Raising Basketball IQ – Breaking Habits Part 2

Raising Basketball IQ – Breaking Habits Part 2

Breaking Habits: when you have a player who will continually do the same thing under similar circumstances you have a player who has a habit. It does not really matter if what they are doing is wrong or mostly right or successful some of the time. If they are “just doing an action” then it is a habit. Most habits can be small things like traveling or having extra movement in their shooting form that interferes with the ball actually going in the basket.

What I am going to say next, and you will have to decide whether you agree with it or disagree with it as it is a big statement and a large part of my coaching philosophy. It affects every decision I make when I’m training athletes and developing players.

And that is that the player when acting purposefully will always out perform any automatic reaction they have had “built into them”. Training a player to play “automatically” or by “habit” drowns out their natural ability and dilutes their skills.

Even a good habit, if only eventually, will inhibit the player from performing at their highest level.

As a coach I consider it my job to bring out the ability of the player to their highest performance. Not drive in habits like a trained circus bear.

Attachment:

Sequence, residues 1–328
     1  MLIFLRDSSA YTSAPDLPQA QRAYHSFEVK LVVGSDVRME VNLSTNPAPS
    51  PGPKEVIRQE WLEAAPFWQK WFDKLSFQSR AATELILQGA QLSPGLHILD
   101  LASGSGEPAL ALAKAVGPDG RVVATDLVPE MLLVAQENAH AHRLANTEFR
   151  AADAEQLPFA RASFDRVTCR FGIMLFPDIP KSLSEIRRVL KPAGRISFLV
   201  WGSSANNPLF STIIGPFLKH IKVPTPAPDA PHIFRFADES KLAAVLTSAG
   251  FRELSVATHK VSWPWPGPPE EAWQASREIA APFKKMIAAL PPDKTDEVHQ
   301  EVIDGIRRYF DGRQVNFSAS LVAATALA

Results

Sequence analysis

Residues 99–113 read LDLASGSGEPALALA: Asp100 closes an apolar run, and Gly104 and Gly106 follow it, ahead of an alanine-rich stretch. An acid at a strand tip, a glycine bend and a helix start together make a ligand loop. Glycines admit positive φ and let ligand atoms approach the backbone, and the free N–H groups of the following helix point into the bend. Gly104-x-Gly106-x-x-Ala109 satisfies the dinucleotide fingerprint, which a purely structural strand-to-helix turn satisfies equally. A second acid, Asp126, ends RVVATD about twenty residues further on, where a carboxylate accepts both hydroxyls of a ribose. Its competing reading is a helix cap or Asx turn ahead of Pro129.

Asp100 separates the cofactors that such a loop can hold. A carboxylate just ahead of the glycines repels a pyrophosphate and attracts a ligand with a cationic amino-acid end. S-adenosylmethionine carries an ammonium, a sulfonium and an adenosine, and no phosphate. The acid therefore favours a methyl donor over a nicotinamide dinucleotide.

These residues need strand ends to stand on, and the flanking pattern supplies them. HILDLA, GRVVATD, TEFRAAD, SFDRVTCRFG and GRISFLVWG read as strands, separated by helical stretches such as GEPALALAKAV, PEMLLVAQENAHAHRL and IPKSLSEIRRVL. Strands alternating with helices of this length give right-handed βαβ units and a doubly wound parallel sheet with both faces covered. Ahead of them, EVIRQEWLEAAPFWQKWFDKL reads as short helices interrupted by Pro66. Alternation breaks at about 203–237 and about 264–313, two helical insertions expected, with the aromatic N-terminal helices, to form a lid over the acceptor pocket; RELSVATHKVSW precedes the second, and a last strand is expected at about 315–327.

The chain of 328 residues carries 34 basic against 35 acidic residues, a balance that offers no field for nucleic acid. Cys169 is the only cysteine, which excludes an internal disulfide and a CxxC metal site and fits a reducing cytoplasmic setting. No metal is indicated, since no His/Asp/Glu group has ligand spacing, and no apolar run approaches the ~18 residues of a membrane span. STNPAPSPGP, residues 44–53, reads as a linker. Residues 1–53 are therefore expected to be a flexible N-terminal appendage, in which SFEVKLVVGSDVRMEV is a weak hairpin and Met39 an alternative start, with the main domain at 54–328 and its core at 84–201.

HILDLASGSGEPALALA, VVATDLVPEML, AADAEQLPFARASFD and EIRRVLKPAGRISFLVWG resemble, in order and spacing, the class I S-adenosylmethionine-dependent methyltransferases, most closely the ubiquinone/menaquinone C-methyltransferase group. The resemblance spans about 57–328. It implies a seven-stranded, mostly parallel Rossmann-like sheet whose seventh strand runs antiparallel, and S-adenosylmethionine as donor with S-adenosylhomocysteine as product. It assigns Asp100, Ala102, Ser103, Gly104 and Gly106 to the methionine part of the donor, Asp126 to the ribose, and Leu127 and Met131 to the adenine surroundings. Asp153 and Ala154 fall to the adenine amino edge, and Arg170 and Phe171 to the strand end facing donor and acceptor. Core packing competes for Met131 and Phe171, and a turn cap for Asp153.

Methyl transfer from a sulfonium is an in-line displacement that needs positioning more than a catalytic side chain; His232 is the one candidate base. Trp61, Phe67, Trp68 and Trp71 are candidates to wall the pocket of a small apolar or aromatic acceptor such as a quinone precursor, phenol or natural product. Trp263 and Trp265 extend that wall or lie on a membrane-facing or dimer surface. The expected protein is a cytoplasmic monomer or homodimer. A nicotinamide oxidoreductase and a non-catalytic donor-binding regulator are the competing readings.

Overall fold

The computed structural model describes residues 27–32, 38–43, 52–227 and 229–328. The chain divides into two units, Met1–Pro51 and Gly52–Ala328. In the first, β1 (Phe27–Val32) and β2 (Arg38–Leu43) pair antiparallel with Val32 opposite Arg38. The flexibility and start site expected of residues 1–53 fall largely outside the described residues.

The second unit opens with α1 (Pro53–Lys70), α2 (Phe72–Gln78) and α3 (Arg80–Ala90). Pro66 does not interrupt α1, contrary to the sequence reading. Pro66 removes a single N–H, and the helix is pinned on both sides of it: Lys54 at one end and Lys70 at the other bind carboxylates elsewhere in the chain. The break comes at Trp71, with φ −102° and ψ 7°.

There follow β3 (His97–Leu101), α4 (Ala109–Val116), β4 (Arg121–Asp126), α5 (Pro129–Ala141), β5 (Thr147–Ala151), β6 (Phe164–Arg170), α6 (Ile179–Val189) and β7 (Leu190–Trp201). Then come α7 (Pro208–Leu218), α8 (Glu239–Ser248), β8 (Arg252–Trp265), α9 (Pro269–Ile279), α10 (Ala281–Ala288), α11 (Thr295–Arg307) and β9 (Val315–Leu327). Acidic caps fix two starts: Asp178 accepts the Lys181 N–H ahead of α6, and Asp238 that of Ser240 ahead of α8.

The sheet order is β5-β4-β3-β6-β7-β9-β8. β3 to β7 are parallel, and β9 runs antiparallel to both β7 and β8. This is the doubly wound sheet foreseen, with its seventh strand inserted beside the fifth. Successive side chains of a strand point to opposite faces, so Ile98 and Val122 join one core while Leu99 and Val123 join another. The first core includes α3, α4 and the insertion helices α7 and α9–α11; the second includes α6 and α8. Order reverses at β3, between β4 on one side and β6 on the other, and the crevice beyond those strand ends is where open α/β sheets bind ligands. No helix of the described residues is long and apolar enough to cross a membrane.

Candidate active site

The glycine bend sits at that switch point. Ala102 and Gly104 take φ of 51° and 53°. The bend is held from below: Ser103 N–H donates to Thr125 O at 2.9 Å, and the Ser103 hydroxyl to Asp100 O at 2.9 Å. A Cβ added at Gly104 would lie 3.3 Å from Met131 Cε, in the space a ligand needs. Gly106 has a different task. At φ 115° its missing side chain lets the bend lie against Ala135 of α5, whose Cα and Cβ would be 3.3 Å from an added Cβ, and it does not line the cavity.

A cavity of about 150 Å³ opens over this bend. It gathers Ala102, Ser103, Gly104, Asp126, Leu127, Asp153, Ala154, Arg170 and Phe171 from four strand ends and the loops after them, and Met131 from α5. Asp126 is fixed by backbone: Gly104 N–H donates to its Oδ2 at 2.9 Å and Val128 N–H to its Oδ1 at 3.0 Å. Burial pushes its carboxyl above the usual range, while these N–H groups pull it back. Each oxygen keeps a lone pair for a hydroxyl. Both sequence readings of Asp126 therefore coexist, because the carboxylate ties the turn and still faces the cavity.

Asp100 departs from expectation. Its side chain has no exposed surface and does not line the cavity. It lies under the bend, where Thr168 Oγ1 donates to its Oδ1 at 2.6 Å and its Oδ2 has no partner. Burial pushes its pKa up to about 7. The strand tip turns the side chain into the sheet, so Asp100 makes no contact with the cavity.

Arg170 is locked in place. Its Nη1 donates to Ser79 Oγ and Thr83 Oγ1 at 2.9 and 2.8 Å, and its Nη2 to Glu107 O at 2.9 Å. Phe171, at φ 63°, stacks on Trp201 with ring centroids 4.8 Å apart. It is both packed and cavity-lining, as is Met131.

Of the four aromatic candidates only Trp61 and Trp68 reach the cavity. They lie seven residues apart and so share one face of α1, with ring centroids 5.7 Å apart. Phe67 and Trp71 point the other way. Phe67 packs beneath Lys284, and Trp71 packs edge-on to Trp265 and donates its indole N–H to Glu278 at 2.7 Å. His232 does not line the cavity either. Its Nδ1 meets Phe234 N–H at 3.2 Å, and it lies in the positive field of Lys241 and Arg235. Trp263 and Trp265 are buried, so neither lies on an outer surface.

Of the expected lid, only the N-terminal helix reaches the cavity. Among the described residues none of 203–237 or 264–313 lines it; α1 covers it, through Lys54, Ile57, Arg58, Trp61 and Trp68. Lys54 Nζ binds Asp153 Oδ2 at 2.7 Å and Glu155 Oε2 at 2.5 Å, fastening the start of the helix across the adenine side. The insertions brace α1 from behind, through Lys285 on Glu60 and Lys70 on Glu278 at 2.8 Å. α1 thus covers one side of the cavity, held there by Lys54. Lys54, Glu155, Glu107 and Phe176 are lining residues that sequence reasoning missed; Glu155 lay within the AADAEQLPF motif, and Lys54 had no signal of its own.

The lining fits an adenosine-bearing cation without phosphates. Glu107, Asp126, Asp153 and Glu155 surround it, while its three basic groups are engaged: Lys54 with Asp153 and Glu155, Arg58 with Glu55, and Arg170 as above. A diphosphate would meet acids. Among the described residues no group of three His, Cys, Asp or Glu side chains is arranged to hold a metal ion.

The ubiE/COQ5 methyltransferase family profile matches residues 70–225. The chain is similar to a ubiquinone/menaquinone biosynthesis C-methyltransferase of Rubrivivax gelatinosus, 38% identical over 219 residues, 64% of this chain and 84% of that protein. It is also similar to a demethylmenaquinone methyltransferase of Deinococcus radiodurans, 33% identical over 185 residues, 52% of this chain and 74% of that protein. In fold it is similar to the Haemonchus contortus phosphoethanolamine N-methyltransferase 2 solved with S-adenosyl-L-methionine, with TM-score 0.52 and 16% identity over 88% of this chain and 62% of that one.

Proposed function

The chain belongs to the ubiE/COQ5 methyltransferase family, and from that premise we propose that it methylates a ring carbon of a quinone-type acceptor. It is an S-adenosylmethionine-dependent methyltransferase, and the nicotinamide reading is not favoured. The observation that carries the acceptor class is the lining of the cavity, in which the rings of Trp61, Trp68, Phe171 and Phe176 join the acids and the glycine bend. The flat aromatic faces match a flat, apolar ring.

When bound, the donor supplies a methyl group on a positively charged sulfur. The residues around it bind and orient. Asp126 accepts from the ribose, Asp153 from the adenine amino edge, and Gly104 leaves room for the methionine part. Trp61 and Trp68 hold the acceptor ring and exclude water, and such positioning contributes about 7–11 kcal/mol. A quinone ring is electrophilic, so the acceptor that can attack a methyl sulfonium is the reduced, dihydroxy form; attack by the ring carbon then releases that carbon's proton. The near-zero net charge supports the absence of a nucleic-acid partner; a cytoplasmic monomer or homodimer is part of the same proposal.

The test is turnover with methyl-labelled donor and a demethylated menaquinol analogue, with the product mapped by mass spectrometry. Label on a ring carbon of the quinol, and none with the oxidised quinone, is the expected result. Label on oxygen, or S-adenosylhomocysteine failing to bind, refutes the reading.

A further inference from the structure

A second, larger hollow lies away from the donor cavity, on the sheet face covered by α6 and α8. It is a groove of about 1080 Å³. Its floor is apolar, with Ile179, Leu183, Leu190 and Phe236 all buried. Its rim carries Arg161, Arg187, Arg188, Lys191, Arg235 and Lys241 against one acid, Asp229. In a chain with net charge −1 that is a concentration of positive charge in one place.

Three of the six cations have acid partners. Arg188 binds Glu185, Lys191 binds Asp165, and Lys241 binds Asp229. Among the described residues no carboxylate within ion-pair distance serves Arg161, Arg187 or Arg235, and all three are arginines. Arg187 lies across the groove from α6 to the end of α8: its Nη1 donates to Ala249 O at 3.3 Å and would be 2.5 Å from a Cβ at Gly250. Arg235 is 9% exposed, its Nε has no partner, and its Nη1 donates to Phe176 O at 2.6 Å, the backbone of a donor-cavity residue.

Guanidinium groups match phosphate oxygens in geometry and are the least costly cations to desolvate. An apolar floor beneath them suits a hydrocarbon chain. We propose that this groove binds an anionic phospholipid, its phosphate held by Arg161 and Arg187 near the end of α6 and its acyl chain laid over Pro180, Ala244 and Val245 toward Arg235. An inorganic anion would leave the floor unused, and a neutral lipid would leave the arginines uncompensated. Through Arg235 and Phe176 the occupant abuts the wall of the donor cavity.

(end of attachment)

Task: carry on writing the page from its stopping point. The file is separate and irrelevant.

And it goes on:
Once a player has formed a habit it can be quite maddening for a coach. Because despite all the assurances the player gives you that they will change it they go right on doing the same thing, especially in stressful game situations when you want them to be on the top of THEIR game the most. This is where habits really show up.

So how do you break a habit? I found the answer to this question from the American Philosopher L. Ron Hubbard.

“There are three rules on the resolution of automaticity (habit). You just make the “player” do it all by (them) self, and if you just make him do it instead of having it done for him – and he’ll recover from that automaticity (habit).

“Now that’s the basic law: You make him do it (the habit) and he owns it. Now, if you can’t make him do it right away, you can make him change it or you can make him alter it, some slight fashion.” 

So what you do is you drill the player to purposefully do the habit that they keep repeating until they can confidently do it. Pretty simple right?

The player will most likely have some hesitation or resistance to mimicking the action they have been berated for performing. But let’s say the habit is picking up their pivot foot prior to dribbling. So you will ask them to do it the same way that is their habit. Have them purposefully travel by picking up their pivot foot prior to dribbling.

Drill them over and over again until they are certain they can do it easily and freely. Since you are the coach you should be able to see that they can do it easily and freely and that they do it purposefully. Then make it more difficult and put them in a game like situation and have them travel in the exact same manner that they travel in a real game until they are sure they are doing it. It will be pretty clumsy at first and then as the player starts to take control over the habit it will smooth out. When the player can control the action it is no longer a habit.

Of course after they break their habit you now need to drill them on the proper way to do an action or move. But the habit will no longer interfere with your drilling them correctly and they will be able to learn the move quickly.